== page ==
So as a fiduciary he could not accept any gifts from the downstream investment brokers or property developers he dealt with. The most that he could accept would be a nice dinner or something else that could be consumed like a nice bottle of wine. Every time his little (later to become medium and then huge) company would do a deal he would go to an expensive dinner or get a nice bottle of red wine, as these would be collector wines that would improve with age. The suggestion of course is that the investment he had made would stand the test of time as would the relationship with the company or individual they had transacted with. You know -shameless symbolism.

Jim likes red wine, but he likes Janice more, and during much of this time she was having issues with occasional migraines and she was not drinking much wine at all and certainly not the tannin filled reds. So the nice bottle he would receive would be lovingly placed in a very nice cool dark wine cellar for a future time when she might want to enjoy it with him. I guess this is one of the secrets to four decades of marriage.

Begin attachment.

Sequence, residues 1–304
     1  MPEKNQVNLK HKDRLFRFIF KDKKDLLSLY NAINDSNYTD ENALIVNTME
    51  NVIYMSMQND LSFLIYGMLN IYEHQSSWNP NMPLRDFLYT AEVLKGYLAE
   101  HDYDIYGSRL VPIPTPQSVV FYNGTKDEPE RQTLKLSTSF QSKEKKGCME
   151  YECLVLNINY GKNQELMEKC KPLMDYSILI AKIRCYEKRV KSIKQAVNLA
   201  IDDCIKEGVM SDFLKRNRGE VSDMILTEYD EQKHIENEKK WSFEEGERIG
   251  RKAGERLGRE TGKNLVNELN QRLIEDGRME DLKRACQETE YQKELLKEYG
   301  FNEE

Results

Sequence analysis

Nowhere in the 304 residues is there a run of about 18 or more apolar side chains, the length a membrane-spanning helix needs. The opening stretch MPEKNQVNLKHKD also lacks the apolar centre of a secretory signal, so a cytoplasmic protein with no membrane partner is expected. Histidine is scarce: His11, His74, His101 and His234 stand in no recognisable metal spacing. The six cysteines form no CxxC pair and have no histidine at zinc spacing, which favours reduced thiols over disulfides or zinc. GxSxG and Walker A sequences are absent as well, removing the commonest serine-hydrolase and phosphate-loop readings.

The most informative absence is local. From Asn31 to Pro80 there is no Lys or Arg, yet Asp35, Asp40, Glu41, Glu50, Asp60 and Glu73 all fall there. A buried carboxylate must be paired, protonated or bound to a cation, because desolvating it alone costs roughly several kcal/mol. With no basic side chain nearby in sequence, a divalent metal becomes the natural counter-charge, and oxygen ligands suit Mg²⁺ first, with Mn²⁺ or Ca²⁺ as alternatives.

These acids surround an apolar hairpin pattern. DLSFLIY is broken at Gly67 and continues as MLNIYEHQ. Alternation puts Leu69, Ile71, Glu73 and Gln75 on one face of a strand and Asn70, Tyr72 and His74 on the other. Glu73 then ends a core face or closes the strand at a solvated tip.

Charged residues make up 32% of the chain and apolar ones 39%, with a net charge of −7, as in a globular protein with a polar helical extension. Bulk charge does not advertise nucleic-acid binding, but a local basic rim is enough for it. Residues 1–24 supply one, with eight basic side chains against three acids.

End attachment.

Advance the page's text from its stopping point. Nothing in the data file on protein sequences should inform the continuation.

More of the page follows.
Time would pass and the collection grew and going into the wine cellar with Jim was a trip down memory lane as he would talk about the person he dealt with, the transaction involved, the pension funds who participated, and how the investment fared over time. He must have consumed some of the wine as all of the stories were about positive returns if not exceptional returns.

As time went on the various bottles were aging along nicely until one day, not that long ago, Janice got it in her head to have nice glass of red wine having been migraine free for a few years. Jim was thrilled and went to the wine cellar to open one of the oldest, best “old world” wines, from the 1980’s.  The way he tells it there were several trumpets, red carpets, decorations and endorphins involved as a celebration during the removal of the cork, and then some decanting and into two glasses and …. it was awful. Not only well past its peak, but not even consumable.

Clearly this was an anomaly, and a second bottle was opened – anomaly two… then anomaly three. At this point he was in the wine cellar frantically opening bottles with Janice looking on in disbelief. I think the guys with the trumpets and red carpet and decorations had gone home.